Speaker Adaptation on Myanmar Spontaneous Speech Recognition
This paper introduces the work on automatic speech recognition (ASR) of Myanmar spontaneous speech. The recognizer is based on the Gaussian Mixture and Hidden Markov Model (GMM-HMM). A baseline ASR is developed with 20.5 h of spontaneous speech corpus and refine it with many speaker adaptation methods. In this paper, five kinds of adapted acoustic models were explored; Maximum A Posteriori (MAP), Maximum Mutual Information (MMI), Minimum Phone Error (MPE), Maximum Mutual Information including feature space and model space (fMMI) and Subspace GMM (SGMM). We evaluate these adapted models using spontaneous evaluation set consists of 100 utterances from 61 speakers totally 23 min and 19 s. Experiments on this speech corpus show significant improvement of speaker adaptative training models and SGMM-based acoustic model performs better than other adaptative models. It can significantly reduce 3.16% WER compared with the baseline GMM model. It is also investigated that the Deep Neural Network (DNN) training on the same corpus and evaluated with same evaluation set. With respect to the DNN training, the result reaches up to 31.5% WER.
KeywordsSpontaneous speech ASR Myanmar GMM Adaptative training DNN
We would like to thank all members of Spoken Language Communication Lab., from National Institute of Information and Communications Technology (NICT), Kyoto, Japan, for the utilization of Myanmar spontaneous speech corpus presented in this paper.
- 1.Liu, G., Lei, Y., Hansen, J.H.: Dialect identification: impact of differences between read versus spontaneous speech. In: 2010 18th European Signal Processing Conference, pp. 2003–2006. IEEE (2010)Google Scholar
- 2.Chen, L.Y., Lee, C.J., Jang, J.S.R.: Minimum phone error discriminative training for Mandarin Chinese speaker adaptation. In: INTERSPEECH, pp. 1241–1244 (2008)Google Scholar
- 5.Lestari, D.P., Irfani, A.: Acoustic and language models adaptation for Indonesian spontaneous speech recognition. In: 2015 2nd International Conference on Advanced Informatics: Concepts, Theory and Applications (ICAICTA), pp. 1–5. IEEE (2015)Google Scholar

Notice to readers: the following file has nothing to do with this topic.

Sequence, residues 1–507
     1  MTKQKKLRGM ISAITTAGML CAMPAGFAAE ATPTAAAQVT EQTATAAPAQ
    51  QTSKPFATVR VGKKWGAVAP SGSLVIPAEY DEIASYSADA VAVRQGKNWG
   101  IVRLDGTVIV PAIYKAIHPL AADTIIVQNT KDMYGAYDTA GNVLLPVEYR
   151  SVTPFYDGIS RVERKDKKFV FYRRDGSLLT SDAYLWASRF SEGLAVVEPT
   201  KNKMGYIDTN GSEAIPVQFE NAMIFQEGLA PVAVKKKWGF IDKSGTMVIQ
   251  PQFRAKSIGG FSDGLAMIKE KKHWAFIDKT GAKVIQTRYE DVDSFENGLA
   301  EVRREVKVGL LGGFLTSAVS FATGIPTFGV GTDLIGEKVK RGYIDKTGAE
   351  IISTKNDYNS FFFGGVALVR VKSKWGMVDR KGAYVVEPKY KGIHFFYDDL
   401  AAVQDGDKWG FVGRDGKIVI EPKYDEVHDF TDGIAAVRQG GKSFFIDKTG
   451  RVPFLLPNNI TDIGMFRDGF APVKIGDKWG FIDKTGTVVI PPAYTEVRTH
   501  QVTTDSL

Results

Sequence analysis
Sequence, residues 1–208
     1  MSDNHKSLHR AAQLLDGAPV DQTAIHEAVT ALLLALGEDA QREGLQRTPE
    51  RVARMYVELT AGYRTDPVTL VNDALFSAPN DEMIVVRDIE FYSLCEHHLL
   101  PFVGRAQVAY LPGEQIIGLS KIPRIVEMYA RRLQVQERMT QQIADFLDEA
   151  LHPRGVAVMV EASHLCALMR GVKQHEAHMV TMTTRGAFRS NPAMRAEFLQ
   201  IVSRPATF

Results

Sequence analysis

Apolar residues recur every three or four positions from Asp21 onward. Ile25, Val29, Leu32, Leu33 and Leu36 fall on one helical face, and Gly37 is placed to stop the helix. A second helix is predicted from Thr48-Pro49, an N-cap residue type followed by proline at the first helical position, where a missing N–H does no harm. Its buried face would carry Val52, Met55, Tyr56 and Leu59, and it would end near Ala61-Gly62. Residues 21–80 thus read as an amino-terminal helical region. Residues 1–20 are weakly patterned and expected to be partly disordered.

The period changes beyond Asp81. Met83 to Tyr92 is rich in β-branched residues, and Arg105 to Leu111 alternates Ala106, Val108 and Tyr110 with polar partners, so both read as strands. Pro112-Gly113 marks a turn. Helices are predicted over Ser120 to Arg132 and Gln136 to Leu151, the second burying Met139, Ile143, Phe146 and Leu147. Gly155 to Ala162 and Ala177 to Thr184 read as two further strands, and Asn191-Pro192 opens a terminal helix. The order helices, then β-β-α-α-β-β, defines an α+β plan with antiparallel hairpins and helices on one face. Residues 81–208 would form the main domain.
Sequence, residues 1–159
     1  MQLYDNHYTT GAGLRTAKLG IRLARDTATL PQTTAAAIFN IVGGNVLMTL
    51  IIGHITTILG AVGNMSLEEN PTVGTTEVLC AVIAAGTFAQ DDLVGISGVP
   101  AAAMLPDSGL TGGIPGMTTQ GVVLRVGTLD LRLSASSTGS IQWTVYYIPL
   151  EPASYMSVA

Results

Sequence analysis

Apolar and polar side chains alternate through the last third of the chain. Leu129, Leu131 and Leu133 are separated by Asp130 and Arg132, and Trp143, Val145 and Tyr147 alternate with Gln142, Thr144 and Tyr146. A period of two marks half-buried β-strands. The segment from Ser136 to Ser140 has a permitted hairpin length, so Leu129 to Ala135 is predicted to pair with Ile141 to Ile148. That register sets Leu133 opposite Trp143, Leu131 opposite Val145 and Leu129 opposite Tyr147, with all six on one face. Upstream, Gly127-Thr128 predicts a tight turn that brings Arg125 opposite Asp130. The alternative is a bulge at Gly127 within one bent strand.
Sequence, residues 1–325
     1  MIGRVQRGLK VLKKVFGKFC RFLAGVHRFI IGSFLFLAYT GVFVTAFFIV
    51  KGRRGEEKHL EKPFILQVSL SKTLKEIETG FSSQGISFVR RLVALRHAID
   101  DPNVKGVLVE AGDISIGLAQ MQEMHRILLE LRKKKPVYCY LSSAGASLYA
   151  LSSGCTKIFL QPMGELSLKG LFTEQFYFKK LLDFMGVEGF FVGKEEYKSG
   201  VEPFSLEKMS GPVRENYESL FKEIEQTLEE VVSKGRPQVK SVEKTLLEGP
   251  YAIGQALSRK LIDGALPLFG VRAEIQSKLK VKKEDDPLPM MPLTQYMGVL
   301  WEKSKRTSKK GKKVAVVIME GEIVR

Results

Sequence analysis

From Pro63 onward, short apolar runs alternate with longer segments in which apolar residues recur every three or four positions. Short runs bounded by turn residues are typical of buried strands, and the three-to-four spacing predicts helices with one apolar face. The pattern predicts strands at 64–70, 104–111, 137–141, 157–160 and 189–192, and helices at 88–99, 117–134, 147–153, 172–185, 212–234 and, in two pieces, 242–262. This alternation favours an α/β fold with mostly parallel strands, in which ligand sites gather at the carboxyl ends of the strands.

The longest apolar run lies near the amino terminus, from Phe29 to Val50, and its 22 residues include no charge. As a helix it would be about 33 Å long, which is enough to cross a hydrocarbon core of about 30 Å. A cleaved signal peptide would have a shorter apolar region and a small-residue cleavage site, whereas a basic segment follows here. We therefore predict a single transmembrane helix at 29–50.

- 6.Saz, O., Vaquero, C., Lleida, E., Marcos, J.M., Canalís, C.: Study of maximum a posteriori speaker adaptation for automatic speech recognition of pathological speech. In: Proceedings of Jornadas en Tecnología del Habla (2006)Google Scholar
- 7.Vertanen, K.: An overview of discriminative training for speech recognition, pp. 1–14. University of Cambridge (2004)Google Scholar
- 8.Hsiao, R., Schultz, T.: Generalized discriminative feature transformation for speech recognition. In: INTERSPEECH, pp. 664–667 (2009)Google Scholar
- 9.Povey, D., Burget, L., Agarwal, M., Akyazi, P., Feng, K., Ghoshal, A., Glembek, O., Goel, N.K., Karafiát, M., Rastrow, A., et al.: Subspace Gaussian mixture models for speech recognition. In: 2010 IEEE International Conference on Acoustics Speech and Signal Processing (ICASSP), pp. 4330–4333. IEEE (2010)Google Scholar
- 10.Ghalehjegh, S.H.: New Paradigms for Modeling Acoustic Variation in Speech Processing. Ph.D. thesis, McGill University (2016)Google Scholar
- 11.Hsu, B.J.P., Glass, J.R.: Iterative language model estimation: efficient data structure & algorithms. In: INTERSPEECH, pp. 841–844 (2008)Google Scholar
- 12.Naing, H.M.S., Hlaing, A.M., Pa, W.P., Hu, X., Thu, Y.K., Hori, C., Kawai, H.: A Myanmar large vocabulary continuous speech recognition system. In: 2015 Asia-Pacific Signal and Information Processing Association Annual Summit and Conference (APSIPA), pp. 320–327. IEEE (2015)Google Scholar
- 13.Povey, D., Ghoshal, A., Boulianne, G., Burget, L., Glembek, O., Goel, N., Hannemann, M., Motlicek, P., Qian, Y., Schwarz, P., et al.: The kaldi speech recognition toolkit. In: IEEE 2011 Workshop on Automatic Speech Recognition and Understanding, No. EPFL-CONF-192584. IEEE Signal Processing Society (2011)Google Scholar